The best player on the field this World Series was not a Kansas City Royal. That, my friends, pretty simply sums up why the Giants won and the Royals lost.
You are not supposed to be able to do what Madison Bumgarner did. Maybe in 1924, but not in 2014. It is not a criticism of the Royals’ players at all. Bumgarner was the best player on either team and the team with the best player won the World Series.
Last night’s Game Seven really came down to a pretty mundane fourth inning two strike flair off the bat of Michael Morse with Panda Sandoval and Hunter Pence on base, because, well, they were always on base. It came off one of the Royals’ big three relievers, Kelvin Herrera, who turned in an outstanding performance nonetheless.
Both teams were firmly in their bullpens by then: a situation generally thought to be an advantage for the Royals. We just didn’t realize that the Giants had some sort of android named Bumgarner that can throw for apparently days on end.
Once Bumgarner was in, the game really came down to two moments in time. The first was immediately upon his entrance into the game.
Omar Infante singled and Alcides Escobar came to the plate. Escobar immediately looked to bunt, but took two pitches for balls (he really had not choice – even Salvador Perez thought those were well out of the zone). A 2-0 count, with Bumgarner not yet settled in? I don’t give up an out there. Escobar remained steadfast in his belief that a bunt was in order, laid one down and moved Infante to second.
After the game, Ned Yost said that Escobar was bunting on this own. Okay, fine, except Yost had two pitches to give whatever sign the Royals have that means ‘cut that the hell out!’. But anyway…
Nori Aoki followed the bunt by lashing a ball to left. Baseball is all about second guessing and speculation (see below), but I can pretty much guarantee that Travis Ishikawa does not catch that ball and the game would be tied. Problem was, Bruce Bochy didn’t start Ishikawa and instead opted for his more defensive minded left-fielder: Juan Perez. You know what happened and you also know that Bruce Bochy has managed a few games in his lifetime.
The Royals only other real chance came with two outs in the ninth. Up comes Alex Gordon (my GOD, he comes up a lot with two outs in the ninth, doesn’t he?), who had driven in one Royal run and scored the other almost my sheer force of will. Gordon had looked hopeless against Bumgarner the other 4,000 times he had faced him in the World Series, but not here. A sinking liner to left-center.
I was pretty sure the ball was going to get down, but it was either going to be a clean single or a nice running catch by Blanco. Gordon would be on first and hope, however small, would still be alive. Except suddenly the ball skips by Blanco and bounces to the wall. Gordon turns and heads to second and rounds the bag as the ball is fumbled once more. He will easily make third. Mike Jirschele has the stop sign up well before Gordon is to the third. The ball is in cut-off man Brandon Crawford’s glove as Alex hits the bag.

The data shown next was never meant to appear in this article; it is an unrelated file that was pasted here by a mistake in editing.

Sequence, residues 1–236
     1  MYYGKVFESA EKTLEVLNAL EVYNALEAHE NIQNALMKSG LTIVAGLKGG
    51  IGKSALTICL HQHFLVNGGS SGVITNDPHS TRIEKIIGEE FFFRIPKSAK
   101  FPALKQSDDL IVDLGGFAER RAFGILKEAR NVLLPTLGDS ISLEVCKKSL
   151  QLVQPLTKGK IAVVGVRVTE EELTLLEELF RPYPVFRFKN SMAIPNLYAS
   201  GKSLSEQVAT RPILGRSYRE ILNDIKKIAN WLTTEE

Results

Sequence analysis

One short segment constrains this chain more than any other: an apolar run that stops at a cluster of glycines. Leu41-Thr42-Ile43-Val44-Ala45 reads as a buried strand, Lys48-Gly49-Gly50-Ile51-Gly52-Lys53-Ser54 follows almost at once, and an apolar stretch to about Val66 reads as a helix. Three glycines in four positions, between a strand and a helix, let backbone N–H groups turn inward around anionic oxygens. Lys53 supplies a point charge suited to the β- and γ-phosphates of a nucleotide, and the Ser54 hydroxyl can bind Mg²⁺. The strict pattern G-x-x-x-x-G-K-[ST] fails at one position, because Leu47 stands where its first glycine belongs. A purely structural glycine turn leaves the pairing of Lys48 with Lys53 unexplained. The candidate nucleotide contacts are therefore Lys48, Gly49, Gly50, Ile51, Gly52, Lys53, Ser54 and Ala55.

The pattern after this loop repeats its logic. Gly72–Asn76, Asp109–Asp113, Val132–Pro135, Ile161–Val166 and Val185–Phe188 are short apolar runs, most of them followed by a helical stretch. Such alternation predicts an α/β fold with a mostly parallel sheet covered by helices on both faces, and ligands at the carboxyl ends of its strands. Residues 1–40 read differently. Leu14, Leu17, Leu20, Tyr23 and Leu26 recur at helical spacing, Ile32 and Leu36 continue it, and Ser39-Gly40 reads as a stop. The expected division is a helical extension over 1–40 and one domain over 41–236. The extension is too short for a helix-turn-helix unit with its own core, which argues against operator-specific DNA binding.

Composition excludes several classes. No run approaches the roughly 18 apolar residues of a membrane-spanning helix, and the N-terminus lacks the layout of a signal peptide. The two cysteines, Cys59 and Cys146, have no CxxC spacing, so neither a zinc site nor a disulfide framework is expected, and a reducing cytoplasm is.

Without question and without debate, stopping Gordon at third makes all the sense in the world. In that situation, sending him home probably means he is out by 25 feet. Except…Bumgarner.
Here’s the thing, if Jirschele is giving him the go sign as Gordon is on the way to third, Alex is likely three or four steps past the bag when the ball hits Crawford’s glove. Sending him is still a likely out. Chances are, Crawford makes a good throw – even an okay throw is probably good enough – and Posey probably makes the catch and applies the tag. Even with Gordon further around third than he actually was, he’s still out nine times out of ten.
That said, the Giants had just fumbled the ball twice on that play and Perez’s throw to Crawford nearly short-hopped the Giant shortstop. Bad plays have a tendency to perpetuate themselves and the very risky move of sending Gordon would have, at minimum caught the Giants by surprise. Crawford has to make the throw from the outfield, Posey has to catch it and get the tag down. Nine times out of ten, they’ll get the out easily.
One time out of ten, something happens and Gordon scores. About the same odds of Perez getting a hit off Madison Bumgarner, in my opinion.
Listen, this is not saying the Royals did anything wrong here. In fact, they handled that play the right way. Still, Bumgarner was pitching and let’s face it, taking a stupid, crazy risk with the very final out of the World Series might have been Kansas City’s best shot.
Don’t agonize over it, because there is no right or wrong on that play. Hell, don’t bemoan Salvador Perez’ swinging at the same pitch out of the strike zone over and over to end the season: the Royals would not have made it past Oakland without Sal (or been there in the first place).
Have a beer, debate the play with your friends and think about next year.
This year, by the way, was one hell of a ride.